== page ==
• Amtrak: Connects US // American Jobs Plan Infrastructure Legislation

  • Discussion related to Amtrak also known as the National Railroad Passenger Corp.
Discussion related to Amtrak also known as the National Railroad Passenger Corp.

Moderators: GirlOnTheTrain, mtuandrew, Tadman

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  by Arlington
 
Connect Us will work where states want it to work: California, Michigan, Virginia, Maine, Illinois, Vermont, New York, Washington, Oregon, Colorado (and even Wyoming) and probably some routes but not others in North Carolina and Pennsylvania.

Then it might work if the pro rail coalition can hold on long enough in places like New Hampshire, or get formed in Wisconsin and Minnesota and Massachusetts

If the locals are hostile they are not going to facilitate the kind of “solution package” (money) that host railroads demand in return for happy cooperation

Frankly the Interstate Highway System worked the same way: it included negotiation with land/ROW owners and some were easy and obvious (When everyone’s interests were aligned) and some were painfully delayed and some never happened (I-84 from Hartford to Providence; I-95 between Downtown and Maryland)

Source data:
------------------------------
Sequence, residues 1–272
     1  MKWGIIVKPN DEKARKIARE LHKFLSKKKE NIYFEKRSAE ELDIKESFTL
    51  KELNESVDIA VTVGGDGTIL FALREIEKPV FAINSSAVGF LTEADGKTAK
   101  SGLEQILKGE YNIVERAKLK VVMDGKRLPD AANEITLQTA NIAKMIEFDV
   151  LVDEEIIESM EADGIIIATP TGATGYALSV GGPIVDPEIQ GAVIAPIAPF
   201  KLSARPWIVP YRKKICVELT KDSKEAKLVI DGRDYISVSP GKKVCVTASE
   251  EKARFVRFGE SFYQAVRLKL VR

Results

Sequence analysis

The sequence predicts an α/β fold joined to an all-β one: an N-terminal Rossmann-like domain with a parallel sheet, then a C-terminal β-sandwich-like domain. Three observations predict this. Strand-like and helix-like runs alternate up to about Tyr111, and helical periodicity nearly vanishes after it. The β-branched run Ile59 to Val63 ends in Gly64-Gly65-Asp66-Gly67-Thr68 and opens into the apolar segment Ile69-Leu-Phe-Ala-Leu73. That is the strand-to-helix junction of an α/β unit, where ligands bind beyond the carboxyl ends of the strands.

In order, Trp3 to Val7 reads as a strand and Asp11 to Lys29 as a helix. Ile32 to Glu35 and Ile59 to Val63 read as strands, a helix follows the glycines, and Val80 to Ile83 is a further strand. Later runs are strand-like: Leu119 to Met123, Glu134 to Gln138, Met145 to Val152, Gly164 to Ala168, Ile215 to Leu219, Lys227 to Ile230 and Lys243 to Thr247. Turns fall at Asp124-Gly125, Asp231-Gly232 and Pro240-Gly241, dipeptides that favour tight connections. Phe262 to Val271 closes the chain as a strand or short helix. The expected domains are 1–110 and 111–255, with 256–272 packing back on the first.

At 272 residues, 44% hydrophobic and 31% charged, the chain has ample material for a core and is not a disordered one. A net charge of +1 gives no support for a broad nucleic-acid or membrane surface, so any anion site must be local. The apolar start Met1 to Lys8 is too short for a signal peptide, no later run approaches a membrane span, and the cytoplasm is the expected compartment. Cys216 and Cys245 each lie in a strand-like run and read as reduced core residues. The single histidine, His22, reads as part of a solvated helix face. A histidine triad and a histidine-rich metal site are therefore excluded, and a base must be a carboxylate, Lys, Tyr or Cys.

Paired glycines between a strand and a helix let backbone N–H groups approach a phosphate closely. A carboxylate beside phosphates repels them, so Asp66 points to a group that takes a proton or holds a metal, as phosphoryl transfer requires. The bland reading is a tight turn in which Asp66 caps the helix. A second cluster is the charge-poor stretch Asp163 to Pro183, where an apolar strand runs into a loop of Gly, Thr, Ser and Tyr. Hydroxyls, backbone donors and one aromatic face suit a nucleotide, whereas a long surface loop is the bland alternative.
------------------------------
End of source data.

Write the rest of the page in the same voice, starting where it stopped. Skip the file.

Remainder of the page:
by eolesen
 
It might work in the states who can absorb the costs. Right now that's not CA NY IL. They needed serious bailouts not because of COVID but because they have huge financial obligations and a shrinking tax base. They each lost Congressional seats due to declining population (or by not growing as fast as other large states) and there have been some notable big company exits for lower tax states.

That all trickles down into less money for discretionary projects like new rail corridors. Hope might spring eternal, but the flow of "free" money doesn't.

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  by Rockingham Racer
 
It's not simply the states' lack of cooperation that poses an obstacle. The host railroads have a lot to say also.
  by Arlington
 
California had a budget surplus of $76B because tech employees Had higher incomes due to Covid and paid higher income taxes. (About $50B seems locally produced and $25B is federal aid)

And From what I’ve seen Connect Us requires what amount to “normal” levels of State suppprt which in CA, IL, NY do seem capable of (eg California will spend its previously committed $4B on HSR)

This also answers the “Can they cooperate with the host railroads?” question. States that already have a working relationship with their host railroads will have an easier time expanding service.

States that don’t have an ongoing relationship (no commuter rail and no State Supported Amtrak like MS, AL, GA, OH) are Probably not going to be able to formulate I solution with their host railroads even with the federal help that is being offered.